FIELD OF THE INVENTION
- BACKGROUND OF THE INVENTION
The present invention pertains to techniques for coupling microelectronic device packages to printed circuit boards. More particularly, the present invention relates to a technique for coupling a microelectronic device package to a printed circuit board without using a reflow or wave-solder process.
In microelectronic device manufacturing, a microelectronic circuit chip, or “die”, is commonly mounted to a “package” before it is integrated into a larger system. The package serves to protect the die and may provide a standardized interface between the die and the system in it will be used. The package with the integrated die is subsequently mounted to a printed circuit board (PCB), such as a motherboard in a computer system.
Two common types of interface for connecting these components together are the ball grid array (BGA) and the pin grid array (PGA). In the case of a BGA, the input/output (I/O) terminals of a device are formed by an array of round solder balls, while in the case of a PGA they are formed by an array of metal pins in the case of a PGA. FIGS. 1 and 2 show examples (in side cross-section) of how BGA components and PGA components, respectively, can be mounted directly to a PCB according to the current state of the art. In FIG. 1, a semiconductor die 1 is mounted to a device package 2, which is coupled directly to a PCB 3 (e.g., a motherboard) by solder balls 4 of a BGA. The package 2 can be mounted directly to the PCB 3 using a solder reflow process. In FIG. 2, the die 1 is mounted to a package 6, which is coupled directly to a PCB 7 (e.g., a motherboard) by pins 8 of a PGA. The package 6 can be mounted directly to the PCB 7 by inserting the pins 8 into through holes 9 on the PCB 7 and then using a wave-solder process.
One problem with directly mounting a BGA or PGA directly to a PCB is that it is difficult if not impossible to interchange or rework components once they are mounted to the PCB. Consequently, sockets are often used to mount a BGA or PGA to a PCB, to provide greater parts interchangeability and reworkability.
With each device generation, particularly for microprocessors, the number of inputs and outputs required in the device tends to increase. As the pin/ball count increases, the cost of a traditional PGA/BGA socket tends to increase. In addition, the traditional socket requires a surface mount or wave-soldering process to mount it on the motherboard, which are expensive and complicated processes.
Moreover, in view of the steadily increasing demand for smaller, more mobile computing and communication devices, there is an increasing emphasis on conserving the amount of space consumed by electronic components within a system. Although BGA/PGA sockets provide interchangeability and reworkability, they also add to the total height of electronic components on a PCB, thereby working against space conservation efforts.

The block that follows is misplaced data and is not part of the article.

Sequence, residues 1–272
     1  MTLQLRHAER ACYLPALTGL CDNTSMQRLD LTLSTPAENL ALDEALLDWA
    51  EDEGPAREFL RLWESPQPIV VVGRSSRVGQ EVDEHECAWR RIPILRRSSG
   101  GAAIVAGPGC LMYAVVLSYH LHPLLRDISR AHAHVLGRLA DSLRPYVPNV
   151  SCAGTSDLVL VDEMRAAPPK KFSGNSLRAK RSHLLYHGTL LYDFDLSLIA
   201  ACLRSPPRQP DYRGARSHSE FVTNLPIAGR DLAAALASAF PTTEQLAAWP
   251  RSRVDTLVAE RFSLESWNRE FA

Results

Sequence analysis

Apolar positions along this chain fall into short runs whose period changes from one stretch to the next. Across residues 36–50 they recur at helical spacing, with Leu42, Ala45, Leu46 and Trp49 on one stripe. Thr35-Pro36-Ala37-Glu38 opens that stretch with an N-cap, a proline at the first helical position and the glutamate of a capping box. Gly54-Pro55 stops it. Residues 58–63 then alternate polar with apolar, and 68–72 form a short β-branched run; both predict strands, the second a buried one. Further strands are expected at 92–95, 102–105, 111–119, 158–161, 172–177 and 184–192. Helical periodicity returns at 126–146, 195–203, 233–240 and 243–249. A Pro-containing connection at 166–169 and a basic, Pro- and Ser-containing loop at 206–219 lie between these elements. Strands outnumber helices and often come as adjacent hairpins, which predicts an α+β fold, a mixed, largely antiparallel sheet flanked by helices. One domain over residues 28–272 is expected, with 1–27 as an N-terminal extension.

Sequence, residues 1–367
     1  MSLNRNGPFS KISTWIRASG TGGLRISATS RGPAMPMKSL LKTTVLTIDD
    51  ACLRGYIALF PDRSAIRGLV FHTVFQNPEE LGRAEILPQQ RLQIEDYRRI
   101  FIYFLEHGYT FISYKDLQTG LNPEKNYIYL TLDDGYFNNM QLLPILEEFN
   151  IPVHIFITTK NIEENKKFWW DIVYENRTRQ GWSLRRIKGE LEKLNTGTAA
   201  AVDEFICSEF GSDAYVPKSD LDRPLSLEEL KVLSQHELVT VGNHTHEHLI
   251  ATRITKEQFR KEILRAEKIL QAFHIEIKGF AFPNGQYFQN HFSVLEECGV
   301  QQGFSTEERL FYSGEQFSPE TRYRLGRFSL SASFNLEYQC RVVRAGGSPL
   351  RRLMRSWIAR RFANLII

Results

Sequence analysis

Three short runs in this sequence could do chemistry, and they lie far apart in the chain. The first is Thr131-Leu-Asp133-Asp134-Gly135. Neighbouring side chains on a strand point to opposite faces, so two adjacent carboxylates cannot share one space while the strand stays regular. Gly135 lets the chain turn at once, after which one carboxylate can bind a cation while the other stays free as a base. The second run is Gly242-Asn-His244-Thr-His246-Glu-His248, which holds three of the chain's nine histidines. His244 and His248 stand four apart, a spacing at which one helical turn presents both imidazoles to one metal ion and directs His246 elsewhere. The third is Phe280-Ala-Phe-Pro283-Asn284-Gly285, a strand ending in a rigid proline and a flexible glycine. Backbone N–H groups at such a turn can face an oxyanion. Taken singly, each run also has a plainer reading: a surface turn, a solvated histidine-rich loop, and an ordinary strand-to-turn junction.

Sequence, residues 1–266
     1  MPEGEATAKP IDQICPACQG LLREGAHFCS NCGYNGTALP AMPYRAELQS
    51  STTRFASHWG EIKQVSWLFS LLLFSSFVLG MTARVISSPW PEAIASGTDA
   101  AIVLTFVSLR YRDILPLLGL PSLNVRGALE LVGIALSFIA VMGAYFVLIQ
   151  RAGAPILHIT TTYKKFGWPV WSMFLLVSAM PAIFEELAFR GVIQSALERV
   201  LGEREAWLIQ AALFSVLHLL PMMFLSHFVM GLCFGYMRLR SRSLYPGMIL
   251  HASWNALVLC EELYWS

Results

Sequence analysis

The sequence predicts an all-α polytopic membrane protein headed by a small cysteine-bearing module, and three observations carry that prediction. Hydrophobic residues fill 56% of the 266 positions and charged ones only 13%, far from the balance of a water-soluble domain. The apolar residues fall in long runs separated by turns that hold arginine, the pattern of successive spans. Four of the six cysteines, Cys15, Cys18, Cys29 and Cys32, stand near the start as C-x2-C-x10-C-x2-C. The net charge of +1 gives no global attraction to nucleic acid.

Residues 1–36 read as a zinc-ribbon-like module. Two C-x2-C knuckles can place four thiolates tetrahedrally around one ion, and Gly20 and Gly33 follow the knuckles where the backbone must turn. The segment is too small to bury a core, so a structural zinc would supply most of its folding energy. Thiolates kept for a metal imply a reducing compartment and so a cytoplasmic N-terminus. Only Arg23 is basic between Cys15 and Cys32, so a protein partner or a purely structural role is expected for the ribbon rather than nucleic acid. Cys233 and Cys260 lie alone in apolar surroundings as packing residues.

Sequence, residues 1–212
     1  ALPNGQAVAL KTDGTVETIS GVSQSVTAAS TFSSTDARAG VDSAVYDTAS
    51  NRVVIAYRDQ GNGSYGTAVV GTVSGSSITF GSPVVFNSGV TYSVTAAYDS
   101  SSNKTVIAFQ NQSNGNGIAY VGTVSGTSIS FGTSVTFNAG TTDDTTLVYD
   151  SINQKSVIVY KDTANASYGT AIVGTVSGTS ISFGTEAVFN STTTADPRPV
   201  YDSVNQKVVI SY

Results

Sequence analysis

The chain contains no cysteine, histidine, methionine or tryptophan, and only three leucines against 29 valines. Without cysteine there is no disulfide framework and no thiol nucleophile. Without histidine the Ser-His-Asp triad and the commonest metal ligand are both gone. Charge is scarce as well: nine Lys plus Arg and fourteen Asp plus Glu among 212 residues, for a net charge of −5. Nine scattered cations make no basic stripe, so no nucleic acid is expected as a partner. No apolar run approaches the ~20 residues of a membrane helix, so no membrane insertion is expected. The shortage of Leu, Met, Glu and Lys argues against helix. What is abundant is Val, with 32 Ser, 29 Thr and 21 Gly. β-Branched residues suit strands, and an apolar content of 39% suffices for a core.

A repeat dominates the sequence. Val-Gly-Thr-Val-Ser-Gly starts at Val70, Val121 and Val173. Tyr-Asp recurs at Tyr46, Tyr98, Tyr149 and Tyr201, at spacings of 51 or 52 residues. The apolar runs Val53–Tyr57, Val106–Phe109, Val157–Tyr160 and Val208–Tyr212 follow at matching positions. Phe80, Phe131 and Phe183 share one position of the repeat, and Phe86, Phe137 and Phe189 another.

BRIEF DESCRIPTION OF THE DRAWINGS
Consequently, it is desirable to have an alternative technique for mounting microelectronic components to a PCB, which overcomes these disadvantages.
The present invention is illustrated by way of example and not limitation in the figures of the accompanying drawings, in which like references indicate similar elements and in which:
FIG. 1 illustrates how a BGA can be mounted to a PCB;
FIG. 2 illustrates how a PGA can be mounted to a PCB;
FIG. 3 illustrates two orthogonal views of the PCB with multiple through holes, each filled with a conductive elastomer;
FIG. 4A shows how a BGA can be mounted to the PCB of FIG. 3;
FIG. 4B shows how a PGA can be mounted to the PCB of FIG. 3;
FIGS. 5A through 5D show various techniques for fastening a BGA-based microelectronic component to a PCB; and
FIGS. 6A through 6D are cross-sectional side views of the PCB showing how the elastomer can be electrically coupled to the electrical traces of the PCB.
A method and apparatus for coupling a microelectronic device package to a printed circuit board without using a reflow or wave-solder process are described. Note that in this description, references to “one embodiment” or “an embodiment” mean that the feature being referred to is included in at least one embodiment of the present invention. Further, separate references to “one embodiment” in this description do not necessarily refer to the same embodiment; however, neither are such embodiments mutually exclusive, unless so stated and except as will be readily apparent to those skilled in the art. For example, a feature, structure, act, etc. described in one embodiment may also be included in other embodiments. Thus, the present invention can include a variety of combinations and/or integrations of the embodiments described herein.
Refer now to FIG. 3, which illustrates a top view and an orthogonal side cross-section view of a PCB 31 in accordance with the present invention. Multiple through holes 32 are drilled through the PCB (e.g., motherboard) 31 substrate, and each through hole 32 is then filled with a malleable, electrically conductive material 33. In one embodiment the material 33 is a conductive elastomer (as henceforth assumed herein to facilitate description), e.g., an elastomer containing a certain concentration of conductive particles. The elastomer 33 is made to be flush with the top surface and bottom surface of the PCB 31.
The elastomer 33 in each through hole 32 forms an electrical contact at which a solder ball or pin of a BGA or PGA of a microelectronic package, respectively, will be coupled to the PCB 31. As shown in the side cross-section view, the through holes 32 are tapered toward the bottom side of the PCB 31 to prevent the elastomer 33 from being pushed out the bottom side of the PCB 31 when the package is attached to the PCB 31.